Recent political developments in Ethiopia seem to have generated internal dynamics that promise to fundamentally alter the political landscape in the country and perhaps even in the region. The emergence in April of Ethiopia’s newly elected prime minister, Dr. Abiy Ahmed has potentially opened the way for unprecedented social and political change and appears to have already set the country’s progress on a new trajectory. In assuming state responsibilities and addressing national issues, the new leader hit the ground running and pushed his fledgling administration to introduce hitherto unimagined political and economic reforms at a speed that Ethiopians and outsiders alike find breathtaking. The consistent message of respect, tolerance, reconciliation, love, and peace he articulates is palpably altering the mood of his nation although it remains to be seen if his future policies and decisions will be strictly guided by those ideals.
The boldness of his domestic initiatives has been mirrored in his handling of the country’s foreign affairs. In quick succession, the prime minister paid state visits to each of the IGAD countries (except Eritrea), Egypt and the Middle Eastern powers of Saudi Arabia and the United Arab Emirates. The visits were reportedly aimed at expressing Ethiopia’s interest in closer bilateral relations so essential for fostering development cooperation and economic integration among countries in the region. Ethiopia’s new strategy towards Eritrea, with whom it was in a state of war for two decades, was a peace offer entailing unconditional acceptance of the terms of the Algiers Agreement and the UN Boundary Commission ruling along with a commitment to full implementation of the latter.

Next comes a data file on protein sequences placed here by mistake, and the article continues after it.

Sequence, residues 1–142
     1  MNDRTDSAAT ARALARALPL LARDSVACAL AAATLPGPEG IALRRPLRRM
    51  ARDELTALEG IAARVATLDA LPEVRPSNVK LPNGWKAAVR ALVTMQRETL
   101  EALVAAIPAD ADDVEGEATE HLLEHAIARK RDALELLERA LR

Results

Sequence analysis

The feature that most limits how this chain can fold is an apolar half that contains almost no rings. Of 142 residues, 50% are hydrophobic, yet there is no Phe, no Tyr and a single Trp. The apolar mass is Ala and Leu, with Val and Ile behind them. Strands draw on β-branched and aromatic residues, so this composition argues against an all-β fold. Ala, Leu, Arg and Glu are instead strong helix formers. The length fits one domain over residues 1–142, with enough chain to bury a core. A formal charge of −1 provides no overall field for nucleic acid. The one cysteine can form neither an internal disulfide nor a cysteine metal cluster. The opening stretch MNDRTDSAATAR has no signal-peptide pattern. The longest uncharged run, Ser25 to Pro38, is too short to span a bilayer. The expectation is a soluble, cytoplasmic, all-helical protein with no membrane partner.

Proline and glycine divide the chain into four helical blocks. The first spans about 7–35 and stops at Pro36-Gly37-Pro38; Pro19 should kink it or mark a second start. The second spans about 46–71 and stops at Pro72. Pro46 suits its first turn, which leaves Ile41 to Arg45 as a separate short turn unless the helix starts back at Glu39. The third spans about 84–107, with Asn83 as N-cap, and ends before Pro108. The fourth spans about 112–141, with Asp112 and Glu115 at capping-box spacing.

The process of rapprochement set in motion by that initiative has since been reinforced by a series of diplomatic moves: Eritrea dispatched a delegation to Addis Ababa, the Ethiopian leader visited Asmara and his Eritrean counterpart reciprocated the action – all in the short span of barely a month. It has now begun yielding concrete results as heralded by the 5-point Declaration of Peace and Friendship the two leaders signed in Asmara.